Every week, Clay Oven Irvine executive chef/owner Geeta Bansal shares an interview that she's done with some of the heavyweights of world cooking. Today, she regales us with a dispatch from Mesamerica 2013, one of the world's premier chef conferences. Enjoy!
Geeta Bansal Reports on Mesamerica 2013 in Mexico City, Part 1
The most significant observation……
Most chefs love to demo dishes involving an egg actually three demos at least in three days based on egg yolks!
Jokes apart it was a great culinary event held in the Auditorio Blackberry in Mexico City, Mexico. The real credit for initiating the whole thing goes to Chef Enrique Olvera, who has brought global attention to Mexico with his restaurant Pujol, placing 17th in the World's Best 50 list. This second Mesamerica was organized by the Colectivo Mexicano De Cocina A.C with the involvement of the Secretaria de Agricultura, Secretaria de Turismo and numerous sponsors. In a conversation with Enrique Olvera on the last day of the event, he said in a conversation with me that he was unsure of how many of these events we would be attending in the future as he thought it would be replaced by some other format in the next few years (Never fear, the next one was announced during the closing ceremony this year).
Latin American food scene is becoming more distinct and significant part of the global food buzz. Peru, Brazil, Argentina, Mexico, Venezuela and new in this conversation Uruguay, Bolivia, Chile and Ecuador amongst others. At this time there is a great culinary change occurring in Mexico and many young chefs have entered the fray bringing new flavor combinations and techniques while reintroducing forgotten ingredients and artisanal products. Culinarily speaking, it is an exciting time in Mexico and I have to say that in this respect, Mexico can hold its own against any other gastro tourist center in the world. This change is occurring at all price points and not just the fancy restaurants but permeating down to the street and the countryside. I will love to go back to enjoy the great food at restaurants like Quintonil, Biko, Pujol, Contramar, Azul Condessa, Paxia, and of course the tacos al pastor on every street corner.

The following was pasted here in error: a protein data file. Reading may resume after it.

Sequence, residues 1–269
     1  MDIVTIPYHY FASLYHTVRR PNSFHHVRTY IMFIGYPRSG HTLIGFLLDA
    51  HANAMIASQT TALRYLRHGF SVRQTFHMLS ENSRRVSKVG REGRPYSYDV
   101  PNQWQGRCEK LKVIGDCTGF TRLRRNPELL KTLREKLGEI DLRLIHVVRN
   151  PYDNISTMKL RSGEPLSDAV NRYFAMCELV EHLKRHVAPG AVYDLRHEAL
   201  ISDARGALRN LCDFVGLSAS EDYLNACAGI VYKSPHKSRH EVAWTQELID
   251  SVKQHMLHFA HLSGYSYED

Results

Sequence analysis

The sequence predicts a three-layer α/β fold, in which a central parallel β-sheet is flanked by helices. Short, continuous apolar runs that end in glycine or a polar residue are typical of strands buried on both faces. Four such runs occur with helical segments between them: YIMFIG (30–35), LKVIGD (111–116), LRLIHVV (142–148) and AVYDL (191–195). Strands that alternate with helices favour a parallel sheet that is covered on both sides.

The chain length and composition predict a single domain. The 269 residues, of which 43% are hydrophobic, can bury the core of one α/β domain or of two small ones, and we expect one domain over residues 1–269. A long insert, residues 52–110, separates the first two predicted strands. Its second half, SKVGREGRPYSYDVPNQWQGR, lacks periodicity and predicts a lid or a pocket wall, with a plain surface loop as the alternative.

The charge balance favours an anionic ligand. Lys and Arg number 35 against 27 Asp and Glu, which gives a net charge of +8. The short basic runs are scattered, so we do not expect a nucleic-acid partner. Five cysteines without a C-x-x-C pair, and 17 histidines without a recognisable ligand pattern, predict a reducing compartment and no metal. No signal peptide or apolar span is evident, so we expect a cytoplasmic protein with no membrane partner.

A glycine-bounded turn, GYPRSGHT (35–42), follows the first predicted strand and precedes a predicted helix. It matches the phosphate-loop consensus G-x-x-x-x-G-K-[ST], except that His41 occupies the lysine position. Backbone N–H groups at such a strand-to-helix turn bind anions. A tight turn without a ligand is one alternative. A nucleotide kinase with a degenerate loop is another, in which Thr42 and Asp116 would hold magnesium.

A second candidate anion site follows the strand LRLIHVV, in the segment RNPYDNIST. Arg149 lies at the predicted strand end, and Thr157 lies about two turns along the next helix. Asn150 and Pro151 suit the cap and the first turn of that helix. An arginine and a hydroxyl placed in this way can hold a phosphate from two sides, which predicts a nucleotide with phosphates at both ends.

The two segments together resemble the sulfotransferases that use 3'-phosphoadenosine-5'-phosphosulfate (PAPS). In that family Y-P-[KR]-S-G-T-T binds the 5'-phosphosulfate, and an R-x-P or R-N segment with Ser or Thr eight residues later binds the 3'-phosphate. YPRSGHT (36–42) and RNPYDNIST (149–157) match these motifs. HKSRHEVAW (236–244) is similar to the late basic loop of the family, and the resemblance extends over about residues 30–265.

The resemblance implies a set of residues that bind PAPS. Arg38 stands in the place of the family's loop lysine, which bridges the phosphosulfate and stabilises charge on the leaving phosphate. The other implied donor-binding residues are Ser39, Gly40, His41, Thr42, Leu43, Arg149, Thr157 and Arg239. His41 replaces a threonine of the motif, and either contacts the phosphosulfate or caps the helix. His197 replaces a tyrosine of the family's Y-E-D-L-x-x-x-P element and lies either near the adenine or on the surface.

I always look forward to attending these events, as they give us chefs a chance to interact with other chefs, exchange ideas and experiences, meet old and new friends from around the world. How else can I be with Andoni Aduriz of Mugaritz, Spain and David Kinch of Manresa, Los Gatos at the same time one night and with Massimo Bottura, of Italy, Bruno and Mikel from San Sebastian (and now of Mexico), Daniel Humm and Will Guidara of 11 Madison another evening or at a late night event with Rene Redzepi, of Denmark, Alex Atala, Brazil, Enrique Olvera of Mexico to name a few on another night? I had interesting conversations with Gaston Acurio, my friends Virgilio Martinez and Karime Lopez of Peru, Jorge Vallejo, Daniel Ovadia, Pablo Salas, my co-survivor Thelma Morgan, Ricardo Zurita of Mexico, Carlos Garcia of Venezuela, Jordi Roca, Eneko Atxa, and Sergio Puig of Spain, Inaki Izpitarte, France and many more that I will introduce in subsequent interviews.
The event opened with a very eloquent speech by Carlo Petrini of Slow Food. He was introduced by Massimo Bottura, a fellow Italian. Pettrini spoke passionately about the need to preserve the dignity and pride of small producers. He said the strategy of getting chefs together with producers is the only solution for humanity and mankind. He paid homage to mothers and grandmothers cooking in their kitchens keeping traditions alive. He was eloquent in expressing his concern about the prevalence of junk food and how it was destroying the health of people and the economy of small producers. He encouraged Mexicans in the audience to fight to maintain the true identity of their food culture.